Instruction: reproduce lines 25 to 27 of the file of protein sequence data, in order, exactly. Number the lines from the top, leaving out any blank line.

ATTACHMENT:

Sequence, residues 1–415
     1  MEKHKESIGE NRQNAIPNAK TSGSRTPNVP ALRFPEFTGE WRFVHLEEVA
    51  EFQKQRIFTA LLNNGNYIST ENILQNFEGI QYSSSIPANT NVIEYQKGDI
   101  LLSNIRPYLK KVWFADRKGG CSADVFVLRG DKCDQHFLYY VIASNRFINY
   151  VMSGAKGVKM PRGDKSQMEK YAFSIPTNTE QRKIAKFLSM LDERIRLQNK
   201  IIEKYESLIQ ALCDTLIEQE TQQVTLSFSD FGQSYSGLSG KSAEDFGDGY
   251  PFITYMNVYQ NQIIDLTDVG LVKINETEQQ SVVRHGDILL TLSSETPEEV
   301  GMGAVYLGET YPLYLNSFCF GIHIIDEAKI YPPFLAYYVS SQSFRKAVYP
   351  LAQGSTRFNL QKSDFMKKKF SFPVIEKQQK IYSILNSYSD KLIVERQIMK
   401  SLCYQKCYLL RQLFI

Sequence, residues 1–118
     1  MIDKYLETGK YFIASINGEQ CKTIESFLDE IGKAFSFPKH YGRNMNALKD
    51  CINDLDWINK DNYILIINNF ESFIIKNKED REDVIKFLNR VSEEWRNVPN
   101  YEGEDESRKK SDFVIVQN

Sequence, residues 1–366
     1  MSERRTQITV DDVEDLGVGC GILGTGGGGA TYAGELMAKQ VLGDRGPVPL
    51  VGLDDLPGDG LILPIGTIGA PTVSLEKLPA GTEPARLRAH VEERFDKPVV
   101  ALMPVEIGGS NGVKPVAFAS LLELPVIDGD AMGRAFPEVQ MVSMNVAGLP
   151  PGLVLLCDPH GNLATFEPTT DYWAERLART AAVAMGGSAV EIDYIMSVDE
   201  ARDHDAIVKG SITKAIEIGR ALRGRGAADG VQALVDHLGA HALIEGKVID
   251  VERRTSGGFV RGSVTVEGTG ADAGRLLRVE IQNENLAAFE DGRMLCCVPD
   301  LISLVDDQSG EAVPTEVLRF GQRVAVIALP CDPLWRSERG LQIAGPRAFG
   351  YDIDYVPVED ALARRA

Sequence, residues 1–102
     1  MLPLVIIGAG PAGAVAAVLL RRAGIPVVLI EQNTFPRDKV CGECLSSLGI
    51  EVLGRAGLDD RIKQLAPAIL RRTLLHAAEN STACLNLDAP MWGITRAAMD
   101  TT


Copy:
     1  MLPLVIIGAG PAGAVAAVLL RRAGIPVVLI EQNTFPRDKV CGECLSSLGI
    51  EVLGRAGLDD RIKQLAPAIL RRTLLHAAEN STACLNLDAP MWGITRAAMD
   101  TT